To pick mangoes, check the texture, color and condition of the fruit to determine if it is ripe and ready for picking, leave a short stem over the fruit, and pick only those mangoes that can be pulled easily from the tree. Alternatively, pick the fruits before they become fully ripe, and ripen them using a chemical.
A mango that is ready for picking should be soft and give in to pressure when squeezed. The skin should be orange-red or golden in color with a red or purple blush at the fruit's base. If the skin of the mango is green, it indicates that the fruit is yet to ripen. Normally, mangoes ripen three to five months after the tree flowers.
The skin of the mango should be free of blemishes such as bruises and soft areas. It should have a tropical and sweet odor. Pick those fruits that are not surrounded by rotting ones. If the mango cannot be pulled off the stem easily, the fruit needs to be ripened longer.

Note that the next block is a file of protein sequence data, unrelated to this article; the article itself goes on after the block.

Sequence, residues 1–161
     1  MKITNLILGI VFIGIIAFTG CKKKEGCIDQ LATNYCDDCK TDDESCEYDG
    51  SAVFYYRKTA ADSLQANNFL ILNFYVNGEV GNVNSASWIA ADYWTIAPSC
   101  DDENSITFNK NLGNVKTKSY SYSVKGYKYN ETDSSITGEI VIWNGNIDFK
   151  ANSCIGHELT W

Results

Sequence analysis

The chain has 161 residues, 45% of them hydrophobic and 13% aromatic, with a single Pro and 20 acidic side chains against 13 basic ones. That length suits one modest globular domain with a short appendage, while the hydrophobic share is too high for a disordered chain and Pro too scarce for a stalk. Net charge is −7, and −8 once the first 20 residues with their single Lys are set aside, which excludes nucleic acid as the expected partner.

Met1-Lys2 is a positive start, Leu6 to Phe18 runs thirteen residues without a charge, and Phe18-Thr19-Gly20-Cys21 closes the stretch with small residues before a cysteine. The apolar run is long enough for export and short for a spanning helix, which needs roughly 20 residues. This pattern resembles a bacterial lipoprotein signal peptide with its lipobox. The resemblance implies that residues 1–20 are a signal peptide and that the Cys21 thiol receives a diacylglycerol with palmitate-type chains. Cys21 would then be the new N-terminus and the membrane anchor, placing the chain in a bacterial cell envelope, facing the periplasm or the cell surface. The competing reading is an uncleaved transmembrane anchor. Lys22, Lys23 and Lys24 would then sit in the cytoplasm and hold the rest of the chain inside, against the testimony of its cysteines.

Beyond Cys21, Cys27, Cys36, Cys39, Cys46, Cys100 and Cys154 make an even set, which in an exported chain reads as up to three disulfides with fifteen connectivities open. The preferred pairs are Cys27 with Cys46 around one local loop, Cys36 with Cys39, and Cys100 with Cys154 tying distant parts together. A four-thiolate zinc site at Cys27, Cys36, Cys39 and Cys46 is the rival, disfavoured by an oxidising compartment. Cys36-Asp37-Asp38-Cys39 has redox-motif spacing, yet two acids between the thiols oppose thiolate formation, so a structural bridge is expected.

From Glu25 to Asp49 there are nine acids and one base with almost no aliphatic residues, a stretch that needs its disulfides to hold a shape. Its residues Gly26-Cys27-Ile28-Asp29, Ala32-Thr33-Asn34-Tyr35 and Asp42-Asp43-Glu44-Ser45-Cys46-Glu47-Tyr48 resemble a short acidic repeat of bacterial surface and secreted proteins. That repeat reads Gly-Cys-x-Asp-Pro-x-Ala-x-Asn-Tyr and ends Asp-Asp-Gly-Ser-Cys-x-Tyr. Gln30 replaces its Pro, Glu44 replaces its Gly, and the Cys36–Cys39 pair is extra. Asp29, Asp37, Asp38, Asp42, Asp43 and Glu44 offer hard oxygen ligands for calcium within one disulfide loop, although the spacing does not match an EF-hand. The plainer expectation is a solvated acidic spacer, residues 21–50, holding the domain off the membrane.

To pick mangoes, pull the fruit manually or use pruning shears to cut the stem. When picking, retain 4 inches of the stem over the fruit to prevent the milky sap from oozing out. If some sap is released when picking, wash the fruit in water prior to storing.
Pick mangoes before they fall on their own to the ground and get bruised. If picking mangoes before they become ripe, store them at 55 degrees Fahrenheit for a period of three to eight days. Treat the fruits with a chemical meant for ripening them 54 days after the mango flowers bloom, and ripen at 70 to 75 degrees Fahrenheit.